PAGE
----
Jesús F. de la Teja, ed., A Revolution Remembered: The Memoirs and Selected Correspondence of Juan N. Seguín (Austin: Texas State Historical Association, 2002). Bill Groneman, Alamo Defenders A Genealogy: The People and Their Words (Austin: Eakin Press, 1990). Todd Hansen, ed., The Alamo Reader: A Study in History (Mechanicsburg, Pennsylvania: Stackpole Books, 2003). Stephen L. Hardin, Texian Iliad: A Military History of the Texas Revolution, 1835–1836 (Austin: University of Texas Press, 1994). Jack Jackson, ed., and John Wheat, trans., Almonte's Texas: Juan N. Almonte's 1834 Inspection, Secret Report, and Role in the 1836 Campaign (Austin: Texas State Historical Association, 2005). Paul D. Lack, The Texas Revolutionary Experience: A Political and Social History, 1835–1836 (College Station: Texas A&M University Press, 1992). Thomas Ricks Lindley, Alamo Traces: New Evidence and New Conclusions (Lanham, Maryland: Republic of Texas Press, 2003). Timothy M. Matovina, The Alamo Remembered: Tejano Accounts and Perspectives (Austin: University of Texas Press, 1995). Timothy Matovina and Jesús F. de la Teja, eds., Recollections of a Tejano Life: Antonio Menchaca in Texas History (Austin: University of Texas Press, 2013).
Image Use Disclaimer
All copyrighted materials included within the Handbook of Texas Online are in accordance with Title 17 U.S.C. Section 107 related to Copyright and “Fair Use” for Non-Profit educational institutions, which permits the Texas State Historical Association (TSHA), to utilize copyrighted materials to further scholarship, education, and inform the public. The TSHA makes every effort to conform to the principles of fair use and to comply with copyright law.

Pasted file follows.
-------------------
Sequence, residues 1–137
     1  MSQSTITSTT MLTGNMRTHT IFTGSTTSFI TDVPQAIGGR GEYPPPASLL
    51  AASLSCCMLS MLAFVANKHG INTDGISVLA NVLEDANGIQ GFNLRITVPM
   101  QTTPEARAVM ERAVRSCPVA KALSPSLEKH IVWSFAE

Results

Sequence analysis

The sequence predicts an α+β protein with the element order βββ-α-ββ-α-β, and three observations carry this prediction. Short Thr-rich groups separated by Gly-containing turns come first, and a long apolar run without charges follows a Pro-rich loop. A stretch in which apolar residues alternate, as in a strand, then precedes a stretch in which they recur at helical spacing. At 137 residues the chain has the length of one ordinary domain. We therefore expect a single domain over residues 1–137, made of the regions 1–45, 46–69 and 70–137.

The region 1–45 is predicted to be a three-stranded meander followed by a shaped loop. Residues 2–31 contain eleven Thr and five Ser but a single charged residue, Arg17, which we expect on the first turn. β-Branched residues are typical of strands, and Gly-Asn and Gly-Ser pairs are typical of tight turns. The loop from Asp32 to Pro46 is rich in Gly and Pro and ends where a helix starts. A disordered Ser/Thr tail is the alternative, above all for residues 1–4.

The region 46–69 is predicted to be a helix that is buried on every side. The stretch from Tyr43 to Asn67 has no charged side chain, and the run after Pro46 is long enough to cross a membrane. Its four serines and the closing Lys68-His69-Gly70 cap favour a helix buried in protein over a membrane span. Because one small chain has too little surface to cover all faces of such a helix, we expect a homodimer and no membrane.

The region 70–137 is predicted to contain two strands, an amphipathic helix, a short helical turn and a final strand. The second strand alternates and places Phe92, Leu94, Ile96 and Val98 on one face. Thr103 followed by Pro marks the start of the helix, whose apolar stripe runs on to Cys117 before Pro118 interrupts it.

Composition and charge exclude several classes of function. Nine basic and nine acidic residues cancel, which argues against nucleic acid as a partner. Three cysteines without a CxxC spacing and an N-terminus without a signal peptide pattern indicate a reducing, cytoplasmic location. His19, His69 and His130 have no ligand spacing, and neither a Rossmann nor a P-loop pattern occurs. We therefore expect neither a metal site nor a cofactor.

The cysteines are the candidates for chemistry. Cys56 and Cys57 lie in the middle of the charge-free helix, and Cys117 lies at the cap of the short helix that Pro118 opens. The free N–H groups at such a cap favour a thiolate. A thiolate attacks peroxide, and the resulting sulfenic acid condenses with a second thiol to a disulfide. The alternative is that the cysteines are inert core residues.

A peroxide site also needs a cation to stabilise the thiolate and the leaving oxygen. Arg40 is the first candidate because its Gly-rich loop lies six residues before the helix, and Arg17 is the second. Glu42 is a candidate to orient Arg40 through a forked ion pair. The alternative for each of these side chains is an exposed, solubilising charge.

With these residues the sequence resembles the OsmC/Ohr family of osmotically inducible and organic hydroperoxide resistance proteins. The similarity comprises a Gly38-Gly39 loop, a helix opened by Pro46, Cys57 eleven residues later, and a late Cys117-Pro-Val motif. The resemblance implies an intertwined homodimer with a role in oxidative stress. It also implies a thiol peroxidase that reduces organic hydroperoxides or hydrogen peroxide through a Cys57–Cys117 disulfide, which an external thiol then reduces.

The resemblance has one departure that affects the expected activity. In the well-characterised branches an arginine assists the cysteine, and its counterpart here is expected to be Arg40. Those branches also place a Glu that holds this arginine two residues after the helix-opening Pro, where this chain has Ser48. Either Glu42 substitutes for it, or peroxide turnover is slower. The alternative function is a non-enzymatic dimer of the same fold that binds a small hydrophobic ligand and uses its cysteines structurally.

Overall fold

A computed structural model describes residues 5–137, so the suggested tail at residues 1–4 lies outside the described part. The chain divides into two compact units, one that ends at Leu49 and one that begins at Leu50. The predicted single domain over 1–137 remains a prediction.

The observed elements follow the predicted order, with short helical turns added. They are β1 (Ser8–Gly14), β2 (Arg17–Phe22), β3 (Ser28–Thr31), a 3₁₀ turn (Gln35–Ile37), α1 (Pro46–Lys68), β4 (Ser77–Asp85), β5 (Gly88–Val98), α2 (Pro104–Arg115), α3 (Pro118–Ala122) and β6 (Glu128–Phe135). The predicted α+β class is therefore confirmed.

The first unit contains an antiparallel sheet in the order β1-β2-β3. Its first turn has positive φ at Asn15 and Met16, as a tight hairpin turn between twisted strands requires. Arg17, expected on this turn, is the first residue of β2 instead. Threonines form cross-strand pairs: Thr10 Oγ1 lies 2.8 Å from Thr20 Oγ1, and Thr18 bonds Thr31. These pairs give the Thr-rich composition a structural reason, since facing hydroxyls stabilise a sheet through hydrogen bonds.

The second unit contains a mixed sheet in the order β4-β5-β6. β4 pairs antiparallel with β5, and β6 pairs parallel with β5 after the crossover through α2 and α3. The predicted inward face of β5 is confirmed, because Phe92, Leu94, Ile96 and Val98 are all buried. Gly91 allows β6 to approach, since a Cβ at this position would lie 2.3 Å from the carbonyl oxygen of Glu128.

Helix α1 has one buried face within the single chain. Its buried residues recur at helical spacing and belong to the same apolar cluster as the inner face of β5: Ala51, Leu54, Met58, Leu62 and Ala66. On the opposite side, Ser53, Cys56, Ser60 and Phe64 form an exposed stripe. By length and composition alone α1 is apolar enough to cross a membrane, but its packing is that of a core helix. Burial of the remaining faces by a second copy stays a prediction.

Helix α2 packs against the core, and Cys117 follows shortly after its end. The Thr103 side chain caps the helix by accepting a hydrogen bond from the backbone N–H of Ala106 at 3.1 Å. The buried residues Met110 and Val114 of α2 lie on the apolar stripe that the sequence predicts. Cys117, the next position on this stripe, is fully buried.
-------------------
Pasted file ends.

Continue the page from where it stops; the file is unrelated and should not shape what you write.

For more information go to: http://www.law.cornell.edu/uscode/17/107.shtml
If you wish to use copyrighted material from this site for purposes of your own that go beyond fair use, you must obtain permission from the copyright owner.
The following, adapted from the Chicago Manual of Style, 15th edition, is the preferred citation for this article.Handbook of Texas Online, Jesús F. de la Teja, "TEJANOS AND THE SIEGE AND BATTLE OF THE ALAMO," accessed November 21, 2018, http://www.tshaonline.org/handbook/online/articles/qst01.
Uploaded on February 20, 2016. Modified on July 11, 2016. Published by the Texas State Historical Association.